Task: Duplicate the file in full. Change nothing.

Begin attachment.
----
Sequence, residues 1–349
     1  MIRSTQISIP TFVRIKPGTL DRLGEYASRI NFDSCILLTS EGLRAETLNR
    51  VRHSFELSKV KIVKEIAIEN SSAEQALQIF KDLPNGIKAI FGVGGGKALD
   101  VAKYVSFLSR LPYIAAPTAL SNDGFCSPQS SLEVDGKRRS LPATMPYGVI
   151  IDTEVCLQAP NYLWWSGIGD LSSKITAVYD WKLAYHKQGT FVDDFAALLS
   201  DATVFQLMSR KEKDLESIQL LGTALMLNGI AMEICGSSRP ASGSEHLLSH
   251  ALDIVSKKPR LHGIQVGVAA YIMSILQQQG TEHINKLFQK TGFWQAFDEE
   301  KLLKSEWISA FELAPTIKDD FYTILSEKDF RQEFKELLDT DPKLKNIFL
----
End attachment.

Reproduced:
Sequence, residues 1–349
     1  MIRSTQISIP TFVRIKPGTL DRLGEYASRI NFDSCILLTS EGLRAETLNR
    51  VRHSFELSKV KIVKEIAIEN SSAEQALQIF KDLPNGIKAI FGVGGGKALD
   101  VAKYVSFLSR LPYIAAPTAL SNDGFCSPQS SLEVDGKRRS LPATMPYGVI
   151  IDTEVCLQAP NYLWWSGIGD LSSKITAVYD WKLAYHKQGT FVDDFAALLS
   201  DATVFQLMSR KEKDLESIQL LGTALMLNGI AMEICGSSRP ASGSEHLLSH
   251  ALDIVSKKPR LHGIQVGVAA YIMSILQQQG TEHINKLFQK TGFWQAFDEE
   301  KLLKSEWISA FELAPTIKDD FYTILSEKDF RQEFKELLDT DPKLKNIFL